"When I direct, I don't watch playback. There's no chairs. I've always hated chairs on sets; your energy dips the minute you sit down in a chair," he admitted to the Do the Right Thing creator, 66.
"So if me and you do a film, there’s no video village?” Lee questioned to which Cooper confirmed: "When I ask you to come act in my movie, yeah."
The internet went wild over the confession about the on-set rules. "I understand the artistic reasons not to have a video village and fully support that. But let the people sit, man. They work hard for you. They stand most the time. We all know there is downtime on film sets no matter how efficiently you shoot. Let the people sit," one person wrote on X — formerly known as Twitter.
"For Bradley Cooper and everyone else who needs to hear it, you get the best work out of folks when they feel safe, included, and their needs are met. If you have to create harsh conditions to get people to work, you are simply not good at leading. It's a skill issue," a second person penned.
"Sorry but even completely able-bodied people are not performing at their artistic best when they’ve been standing for 14 hours," a third person added.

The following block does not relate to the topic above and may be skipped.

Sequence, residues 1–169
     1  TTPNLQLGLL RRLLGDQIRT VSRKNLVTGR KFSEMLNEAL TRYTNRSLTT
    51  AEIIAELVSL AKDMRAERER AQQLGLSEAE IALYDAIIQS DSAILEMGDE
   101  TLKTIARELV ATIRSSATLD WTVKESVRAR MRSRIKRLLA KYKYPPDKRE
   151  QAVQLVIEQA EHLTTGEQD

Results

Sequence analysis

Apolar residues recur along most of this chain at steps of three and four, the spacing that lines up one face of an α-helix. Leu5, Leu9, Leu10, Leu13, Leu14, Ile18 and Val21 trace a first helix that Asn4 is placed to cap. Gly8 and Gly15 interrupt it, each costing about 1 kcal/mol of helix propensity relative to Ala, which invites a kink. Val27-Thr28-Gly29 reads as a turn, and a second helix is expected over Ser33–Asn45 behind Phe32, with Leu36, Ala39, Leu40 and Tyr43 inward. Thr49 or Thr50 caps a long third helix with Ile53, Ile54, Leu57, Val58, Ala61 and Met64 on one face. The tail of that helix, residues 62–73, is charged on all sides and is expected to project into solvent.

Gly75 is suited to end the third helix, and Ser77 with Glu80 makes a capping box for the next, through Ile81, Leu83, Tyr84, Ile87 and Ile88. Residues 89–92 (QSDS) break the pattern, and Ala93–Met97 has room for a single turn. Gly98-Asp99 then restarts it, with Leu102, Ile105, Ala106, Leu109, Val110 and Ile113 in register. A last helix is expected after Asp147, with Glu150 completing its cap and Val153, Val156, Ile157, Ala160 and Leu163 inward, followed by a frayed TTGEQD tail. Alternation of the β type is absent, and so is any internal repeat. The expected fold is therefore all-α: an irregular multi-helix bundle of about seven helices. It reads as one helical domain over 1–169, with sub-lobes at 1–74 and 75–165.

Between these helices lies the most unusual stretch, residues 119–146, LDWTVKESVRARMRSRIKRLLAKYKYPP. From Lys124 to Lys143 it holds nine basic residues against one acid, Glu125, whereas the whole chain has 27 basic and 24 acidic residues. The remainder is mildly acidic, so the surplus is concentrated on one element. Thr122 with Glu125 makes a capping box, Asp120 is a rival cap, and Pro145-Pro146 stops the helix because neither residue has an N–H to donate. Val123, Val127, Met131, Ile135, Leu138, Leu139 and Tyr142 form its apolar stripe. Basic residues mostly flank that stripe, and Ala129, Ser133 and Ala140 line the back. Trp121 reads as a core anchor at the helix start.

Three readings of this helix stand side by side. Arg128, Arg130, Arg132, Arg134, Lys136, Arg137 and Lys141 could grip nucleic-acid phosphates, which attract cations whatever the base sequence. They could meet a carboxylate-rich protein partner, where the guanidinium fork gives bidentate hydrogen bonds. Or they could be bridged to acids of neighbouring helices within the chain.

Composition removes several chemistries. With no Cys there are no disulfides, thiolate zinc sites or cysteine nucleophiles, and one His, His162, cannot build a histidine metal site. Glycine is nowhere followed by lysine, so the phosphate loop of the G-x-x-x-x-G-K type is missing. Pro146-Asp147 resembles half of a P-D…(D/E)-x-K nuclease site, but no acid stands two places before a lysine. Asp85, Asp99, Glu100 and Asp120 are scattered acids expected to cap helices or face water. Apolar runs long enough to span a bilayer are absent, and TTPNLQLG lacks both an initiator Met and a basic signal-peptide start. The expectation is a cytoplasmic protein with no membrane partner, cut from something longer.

The Hangover alum made it clear the rule was made to discourage numerous people from being around production. "When we shoot the movie, no one’s allowed on set. [Producer] Steven Spielberg came three times, but other than him, there's nobody. It has to be a sanctuary," he explained.
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In his new film, Cooper portrays musical theatre composer Leonard Bernstein and even went method to embody the role.
"American Hustle was the first time I saw an actor stay in the voice of a character. It was Christian Bale. I had heard stories about Daniel Day-Lewis. I couldn't figure out how someone could do that. Then I realized I was overthinking it," he explained.
"Christian just stayed in the voice, but we talked about his kids. It wasn't like he saw an iPhone and had a heart attack. Ever since American Hustle, that's how I've done it as an actor," the filmmaker added.
Variety conducted the interview with Cooper.